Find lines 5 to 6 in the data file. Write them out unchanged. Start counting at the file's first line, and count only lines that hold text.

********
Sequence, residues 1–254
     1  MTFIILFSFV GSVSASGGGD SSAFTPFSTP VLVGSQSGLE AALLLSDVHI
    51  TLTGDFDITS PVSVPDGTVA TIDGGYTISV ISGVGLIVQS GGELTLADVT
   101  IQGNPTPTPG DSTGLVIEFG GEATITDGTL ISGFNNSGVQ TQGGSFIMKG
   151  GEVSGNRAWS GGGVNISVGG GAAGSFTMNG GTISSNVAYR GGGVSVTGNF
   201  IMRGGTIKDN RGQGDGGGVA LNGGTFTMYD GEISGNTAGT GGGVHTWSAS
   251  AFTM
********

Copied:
   151  GEVSGNRAWS GGGVNISVGG GAAGSFTMNG GTISSNVAYR GGGVSVTGNF
   201  IMRGGTIKDN RGQGDGGGVA LNGGTFTMYD GEISGNTAGT GGGVHTWSAS